Fierce Dogs Protect Livestock, Cheetahs In Africa

Maryann Mott
for National Geographic News
March 3, 2004

An innovative program that provides guard dogs to livestock farmers at a modest cost may be helping to save wild cheetahs in southern Africa.

The decade-old effort is the brainchild of Laurie Marker. The U.S. biologist moved to Namibia in 1990 to help prevent livestock losses that spurred ranchers to shoot and kill hundreds of cheetahs each year.

Since 1994 the Livestock Guarding Dog Program has trained more than 200 Anatolian shepherds to protect farmed sheep and goats in Namibia. The powerful shepherds weigh 110 to 150 pounds (50 to 68 kilograms). Unlike most other breeds used to herd sheep and goats, the dogs instinctively challenge predators and scare them off with their loud, booming bark.

Local governments in Namibia allow farmers to trap and kill predators, including protected species like cheetahs, if livestock is threatened. Farmers say such steps are necessary since cheetahs can quickly kill dozens of sheep in unguarded pens known as kraals.

Twenty years ago farmers in Namibia shot as many as 800 to 900 cheetahs annually, according to Marker. Today she estimates just 200 cheetahs are shot and killed each year in the country, thanks in part to her guard-dog program and related educational efforts.

Soft Spot for Cheetahs

A cheetah expert, Marker first traveled to Namibia in 1977 to learn if a cheetah born and bred in captivity in the United States could hunt in the wild. It was then that Marker said she first became aware of the threats farmers and cheetahs posed one another.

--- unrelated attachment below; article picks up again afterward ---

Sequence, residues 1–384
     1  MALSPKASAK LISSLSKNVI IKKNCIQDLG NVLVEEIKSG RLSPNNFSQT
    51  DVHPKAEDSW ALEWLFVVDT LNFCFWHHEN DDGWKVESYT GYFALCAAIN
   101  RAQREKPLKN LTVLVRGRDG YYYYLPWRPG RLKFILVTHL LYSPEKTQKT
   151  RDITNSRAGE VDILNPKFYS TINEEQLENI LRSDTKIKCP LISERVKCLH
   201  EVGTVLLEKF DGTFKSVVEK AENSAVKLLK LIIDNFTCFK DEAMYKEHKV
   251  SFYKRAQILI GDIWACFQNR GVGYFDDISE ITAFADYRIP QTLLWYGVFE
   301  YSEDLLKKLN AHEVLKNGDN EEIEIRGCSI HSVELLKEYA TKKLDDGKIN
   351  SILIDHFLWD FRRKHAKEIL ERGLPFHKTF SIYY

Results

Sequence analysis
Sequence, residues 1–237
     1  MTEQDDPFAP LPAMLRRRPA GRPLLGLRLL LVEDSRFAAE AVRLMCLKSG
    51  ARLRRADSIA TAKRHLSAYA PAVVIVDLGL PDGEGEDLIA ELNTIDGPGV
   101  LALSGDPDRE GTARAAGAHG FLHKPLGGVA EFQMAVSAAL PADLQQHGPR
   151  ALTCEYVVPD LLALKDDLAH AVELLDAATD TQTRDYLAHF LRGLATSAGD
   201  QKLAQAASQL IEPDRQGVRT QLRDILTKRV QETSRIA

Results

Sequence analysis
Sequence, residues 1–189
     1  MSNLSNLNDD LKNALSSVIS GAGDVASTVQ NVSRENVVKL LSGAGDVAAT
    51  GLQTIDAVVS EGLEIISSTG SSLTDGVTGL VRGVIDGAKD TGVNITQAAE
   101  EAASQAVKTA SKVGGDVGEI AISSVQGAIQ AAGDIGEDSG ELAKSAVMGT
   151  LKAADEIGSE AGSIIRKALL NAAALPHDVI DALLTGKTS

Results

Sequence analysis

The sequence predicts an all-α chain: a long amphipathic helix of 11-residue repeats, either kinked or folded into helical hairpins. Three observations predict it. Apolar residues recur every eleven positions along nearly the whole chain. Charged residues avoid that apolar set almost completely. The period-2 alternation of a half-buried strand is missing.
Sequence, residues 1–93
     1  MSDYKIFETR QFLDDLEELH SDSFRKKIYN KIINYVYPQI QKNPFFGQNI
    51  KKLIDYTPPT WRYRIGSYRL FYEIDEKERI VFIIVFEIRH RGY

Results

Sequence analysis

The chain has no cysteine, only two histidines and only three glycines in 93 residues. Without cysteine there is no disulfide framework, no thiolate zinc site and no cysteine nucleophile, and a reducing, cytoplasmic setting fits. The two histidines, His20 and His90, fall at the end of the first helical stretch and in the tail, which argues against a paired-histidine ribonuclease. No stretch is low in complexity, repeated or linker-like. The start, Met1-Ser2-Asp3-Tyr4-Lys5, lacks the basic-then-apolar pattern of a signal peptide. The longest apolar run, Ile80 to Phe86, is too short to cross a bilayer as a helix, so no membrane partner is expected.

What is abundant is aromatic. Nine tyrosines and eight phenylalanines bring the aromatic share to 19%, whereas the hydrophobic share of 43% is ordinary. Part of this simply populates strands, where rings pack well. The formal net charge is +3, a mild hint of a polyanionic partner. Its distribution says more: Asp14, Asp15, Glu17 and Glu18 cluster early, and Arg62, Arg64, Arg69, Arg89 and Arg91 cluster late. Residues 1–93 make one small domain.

Namibia is home to an estimated 3,000 cheetahs, the most of any country. The figure represents one-fourth of the estimated 12,000 cheetahs left in the world. Conservationists view Namibia as one of the last few strongholds for the endangered species.

Marker discovered that many cheetahs were killed as a preventative measure, a practice handed down among generations of farmers. Compounding the problem was the fact that cheetahs are daytime hunters and not aggressive toward humans, making them easy targets for farmers.

During subsequent trips to Africa in the 1980s, Marker realized that the cheetah population was rapidly declining and that something had to be done to save them. So in 1990, she changed the focus of her work.

Quitting a job she held for 16 years studying and breeding captive cheetahs at a U.S. a wild-animal park, Marker moved to Namibia, in southern Africa. There she created the Cheetah Conservation Fund (CCF), a nonprofit research and education center, veterinary clinic, and farm.

"In the beginning many farmers wondered what I was doing here," Marker wrote in an e-mail interview with National Geographic News. "Some of the farmers would say, 'Oh, if you like cheetahs, take them all back to the U.S. with you.'" Marker said she quickly told the farmers she wasn't going back to the U.S., so they were stuck with both her and the cats. "This usually got quite a little laugh from them," she said.

Continued on Next Page >>


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